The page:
Mr. Tola Oresanwo
Acting Director, Administration and Programmes, CACOL
President and Commander-In-Chief of the Armed Forces
Aso Rock Villa, 3 Arms Zone
Garki – Abuja
Federal Republic of Nigeria
NIGERIAN ROADS: A TALE OF WOES
Federal Roads Maintenance Agency (FERMA) was established by Act No.7 of 2002 enacted by the National Assembly and assented to by President Olusegun Obasanjo. With this Act establishing the Federal Roads Maintenance Agency and for matters connected herewith, FERMA became Nigeria’s first institutional mechanism for monitoring and maintaining all Federal roads in the country. First Governing Board of FERMA chaired by Engr. Guy Otobo was inaugurated by the then Hon. Minister of Works and Housing, Chief Tony Anenih on 27th January 2003.
The Mission of the agency is to efficiently and effectively monitor and administer road maintenance with the objective of keeping all federal roads in good and safe conditions while the Vision is to become the most efficient road maintenance management organization that will enhance the economic well-being and interest of Nigerians.
From the foregoing, it can be observed that the agency has not lived up to expectation going by the present state of roads in the country. Most of the federal roads that dotted the length and breadth of the country are crying for attention.
It will be recalled that the Minister of Finance, Budget and National Planning, Zainab Ahmed once disclosed that most of the bad roads in Nigeria belong to the states. The minister argued that most bad roads in the country were within the jurisdiction of states. She made this statement after the Federal Executive Council (FEC) meeting that held on the 13th of November, 2019 in Abuja.
She went further to state that the Federal Ministry of Works was the biggest beneficiaries of funding in the 2019 budget as it was adequately reimbursed for the purpose of roads rehabilitation in the country.
Ahmed acknowledged that the government had not done enough to rehabilitate roads all over the country but still attributed most of the bad roads in the country to the states.
In the same vein, and contrary to general reports making the rounds that Nigerian roads are terrible and not motorable, the Minister of Works and Housing, Babatunde Fashola was also reported as saying that Nigerian roads are not as bad as people think.
Fashola made this statement late last year after one of the Federal Executive Council meetings. He dismissed reports on the poor state of the country’s roads as exaggerated. In his words “The roads are not as bad as they are often portrayed. I know that this is going to be your headline, but the roads are not that bad”, he had told State House correspondents.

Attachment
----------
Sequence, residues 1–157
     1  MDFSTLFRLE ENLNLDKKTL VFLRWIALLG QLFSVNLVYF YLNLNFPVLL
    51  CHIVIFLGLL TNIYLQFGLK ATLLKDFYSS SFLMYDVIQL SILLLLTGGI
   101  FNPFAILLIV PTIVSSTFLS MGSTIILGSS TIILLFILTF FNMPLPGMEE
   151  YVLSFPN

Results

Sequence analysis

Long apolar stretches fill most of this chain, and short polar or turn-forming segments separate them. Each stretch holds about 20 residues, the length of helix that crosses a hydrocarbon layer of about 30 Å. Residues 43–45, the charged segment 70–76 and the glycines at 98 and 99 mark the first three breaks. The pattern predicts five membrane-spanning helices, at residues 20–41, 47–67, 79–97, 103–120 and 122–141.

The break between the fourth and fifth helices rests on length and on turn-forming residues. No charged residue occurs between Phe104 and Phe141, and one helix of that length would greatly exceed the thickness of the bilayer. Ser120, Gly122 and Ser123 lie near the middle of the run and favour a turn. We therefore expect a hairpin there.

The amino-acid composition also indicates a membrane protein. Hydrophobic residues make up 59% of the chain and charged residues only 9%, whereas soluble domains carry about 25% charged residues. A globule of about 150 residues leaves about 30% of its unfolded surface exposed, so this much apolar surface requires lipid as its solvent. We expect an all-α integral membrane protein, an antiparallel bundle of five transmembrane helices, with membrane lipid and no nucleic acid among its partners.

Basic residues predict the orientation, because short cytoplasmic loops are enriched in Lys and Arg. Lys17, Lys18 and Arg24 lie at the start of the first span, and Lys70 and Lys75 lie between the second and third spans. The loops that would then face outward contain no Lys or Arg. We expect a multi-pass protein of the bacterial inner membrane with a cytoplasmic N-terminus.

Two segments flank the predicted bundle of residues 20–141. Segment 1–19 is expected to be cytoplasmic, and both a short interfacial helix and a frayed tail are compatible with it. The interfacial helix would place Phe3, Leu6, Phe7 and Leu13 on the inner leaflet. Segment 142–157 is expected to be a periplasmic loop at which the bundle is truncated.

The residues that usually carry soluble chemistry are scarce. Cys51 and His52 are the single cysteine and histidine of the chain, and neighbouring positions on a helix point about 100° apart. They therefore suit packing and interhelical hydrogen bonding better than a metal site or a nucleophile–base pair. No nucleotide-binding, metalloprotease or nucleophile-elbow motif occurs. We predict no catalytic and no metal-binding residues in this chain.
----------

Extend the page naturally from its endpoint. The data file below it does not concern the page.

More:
We found this statement by the honourable minister as a clear indication that some of those occupying public offices are not in tune with the terrible realities of their fellow citizens’ daily experience.
Despite the claims made by the Ministers, ordinary Nigerians plying the roads know the true situation of our roads. Most of the roads are now death traps. It is worrisome that in addition to the adverse effects of the poor state of the roads, kidnapping and armed robberies, loss of vital man-hours, loss of lives and merchandise and enormous damage to vehicles on a daily basis are recorded, thus adversely affecting the growth of the developing economy like Nigeria’s.
For example, the current state of the Lagos – Sango Ota – Abeokuta express way that links Lagos and Ogun state is appalling and an eye sore as virtually all sections of the road has completely broken down. Major bus stops like Obadeyi, Kola, Salolo, Moshalashi, Alakuko, Toll-Gate, Joju among others are characterized by crater-sized potholes and gullies resulting in commuters and motorists spending long hours in traffic, accidents and damage to health and vehicles which is immeasurable in monetary terms and health costs. Sometimes, petrol tankers and container trucks have fallen at bad portions of the road, causing havoc to people.
One can only wonder the essence, importance or relevance of Federal Roads Maintenance Agency (FERMA), if federal roads under their direct supervision can deteriorate to such an inhuman state without any intervention to mitigate the suffering of the commuting public. More annoying is the fact that the Ministry of Works and Housing who happens to be the supervising ministry of FERMA is maintaining an unholy silence. Is it that the Ministry is unconcerned?
Though we are aware of the fact that the Lagos Sango Abeokuta express road is a federal road, we believe that the Governors of Lagos state Mr. Babajide Sanwo-Olu and his Ogun state counterpart, Dr. Prince Dapo Abiodun can harmoniously and as a matter of urgency come to the aid of the suffering commuters in both states, whose manhour, lives and livelihood is being jeopardized by the unmotorable state of the Lagos Sango Ota Abeokuta express road, by directing their respective states ministries of works and roads intervention agencies to urgently provide palliatives to the road.